Tech stack: AWS Kinesis, Azure Event Hub, AWS DynamoDB, AWS Redshift, Azure CosmosDB
Assume we wish to launch a new social network. Because social networking solutions include multiple components, we’ll call it a microservice architecture. Because a vast amount of text, image, and video information will be generated (in technical terms, this is referred to as data volume), we want a robust, scalable infrastructure to adequately store this enormous volume of data.
This is where cloud big data enters the arena. We can stream and save data from AWS Kinesis and AWS S3 because the data is continuously generated in significant volumes. AWS Kinesis can set up a failsafe system for communicating between various microservices, while S3 can keep enormous amounts of incoming data indefinitely.
- ETL – collecting raw data from many sources and transforming it into a more organized, structured, and relevant representation that saves storage and database space while consolidating all data conveniently.
Tech stack: Azure Databricks, Azure Data factory, AWS Glue.
Let’s say a fintech startup is offering cost-tracking services to businesses. For this purpose, they are giving businesses some connectors to work with their existing operational tools.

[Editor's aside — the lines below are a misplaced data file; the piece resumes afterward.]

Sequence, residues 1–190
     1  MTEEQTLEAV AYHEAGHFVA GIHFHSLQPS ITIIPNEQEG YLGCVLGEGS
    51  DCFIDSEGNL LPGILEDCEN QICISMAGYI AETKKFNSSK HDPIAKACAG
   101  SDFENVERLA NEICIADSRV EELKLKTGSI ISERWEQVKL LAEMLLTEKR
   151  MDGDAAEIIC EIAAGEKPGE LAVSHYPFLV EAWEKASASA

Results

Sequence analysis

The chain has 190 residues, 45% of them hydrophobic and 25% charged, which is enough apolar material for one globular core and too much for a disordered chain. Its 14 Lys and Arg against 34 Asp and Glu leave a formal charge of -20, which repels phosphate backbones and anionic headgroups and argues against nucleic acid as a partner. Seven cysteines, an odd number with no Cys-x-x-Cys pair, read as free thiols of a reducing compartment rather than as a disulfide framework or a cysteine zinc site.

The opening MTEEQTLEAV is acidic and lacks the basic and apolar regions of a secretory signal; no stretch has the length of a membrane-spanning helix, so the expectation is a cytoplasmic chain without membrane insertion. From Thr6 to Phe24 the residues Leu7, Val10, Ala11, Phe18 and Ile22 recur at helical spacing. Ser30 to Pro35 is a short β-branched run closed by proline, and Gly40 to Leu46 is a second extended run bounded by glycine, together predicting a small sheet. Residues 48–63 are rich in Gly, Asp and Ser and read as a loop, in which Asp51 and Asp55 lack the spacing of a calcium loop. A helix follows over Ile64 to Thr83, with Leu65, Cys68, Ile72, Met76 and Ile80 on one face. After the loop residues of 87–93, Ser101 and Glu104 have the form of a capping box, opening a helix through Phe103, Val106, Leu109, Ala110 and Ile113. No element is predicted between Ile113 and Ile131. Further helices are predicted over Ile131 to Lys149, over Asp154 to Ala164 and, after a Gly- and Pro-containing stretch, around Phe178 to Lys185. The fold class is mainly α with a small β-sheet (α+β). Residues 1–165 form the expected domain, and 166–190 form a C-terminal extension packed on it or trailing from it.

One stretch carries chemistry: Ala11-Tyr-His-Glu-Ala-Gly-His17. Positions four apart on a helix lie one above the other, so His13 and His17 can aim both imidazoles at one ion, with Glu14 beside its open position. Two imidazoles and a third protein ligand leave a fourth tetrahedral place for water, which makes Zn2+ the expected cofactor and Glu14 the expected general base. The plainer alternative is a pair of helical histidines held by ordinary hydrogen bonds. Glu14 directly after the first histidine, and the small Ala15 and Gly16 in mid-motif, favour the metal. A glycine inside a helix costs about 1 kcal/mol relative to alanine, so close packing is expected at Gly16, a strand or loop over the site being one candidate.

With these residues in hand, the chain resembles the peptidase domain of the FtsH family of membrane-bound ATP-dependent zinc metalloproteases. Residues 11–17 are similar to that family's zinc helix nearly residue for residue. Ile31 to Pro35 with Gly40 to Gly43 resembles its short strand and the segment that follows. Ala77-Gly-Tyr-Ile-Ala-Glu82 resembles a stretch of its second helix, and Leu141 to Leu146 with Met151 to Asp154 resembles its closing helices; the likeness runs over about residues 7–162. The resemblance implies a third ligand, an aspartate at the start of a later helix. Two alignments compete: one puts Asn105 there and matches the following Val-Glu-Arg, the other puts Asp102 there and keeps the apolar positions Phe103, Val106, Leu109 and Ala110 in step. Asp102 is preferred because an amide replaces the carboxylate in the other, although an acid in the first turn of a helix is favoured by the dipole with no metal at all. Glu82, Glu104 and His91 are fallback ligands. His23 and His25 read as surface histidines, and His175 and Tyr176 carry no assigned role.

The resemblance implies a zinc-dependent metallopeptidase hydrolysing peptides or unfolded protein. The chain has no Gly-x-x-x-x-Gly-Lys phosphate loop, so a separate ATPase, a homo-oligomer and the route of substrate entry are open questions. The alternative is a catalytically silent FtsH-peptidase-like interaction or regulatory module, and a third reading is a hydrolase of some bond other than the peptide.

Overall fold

One of their customers uses Salesforce to manage their costs and earnings from each online sale. Also, they are using Google Sheets to store their offline sales data. Thus, the data will be laden with errors or of different formats due to multiple data sources and manual entry in the case of offline sales. So, to get accurate KPIs, we need a common platform. This is where ETL comes into play.
With Azure Databricks/Azure Data factory/AWS Glue, we can easily extract the data from multiple sources, pre-process them to remove unwanted information, restructure, add additional data based on algorithms, and finally combine them to keep them safe in distributed storage in the cloud. This data is then used to extract key insights.
- Cloud Data Analytics – using cloud-based, industry-leading solutions to obtain real-time business value insights and optimized cost per KPI.
Tech stack: AWS Quicksight, Azure Synapse Analytics, PowerBI, Tableau, Grafana.
Whether in edtech or fintech, the importance of analytics cannot be overstated – we must help business people visualize and understand our performance, sales, and growth areas.
Assume we’re in the edtech space. With multiple students and institutions under our business, we will need to provide them with an attendance ratio, average assignment completion rate, exam score for each student, etc. These statistics, however, need to be more self-explanatory to businesspeople. As a result, we require a visual depiction of these numbers.
This is where PowerBi comes in. We may continuously update the metrics as new data arrives, which is then shared with the relevant parties to convey our potential.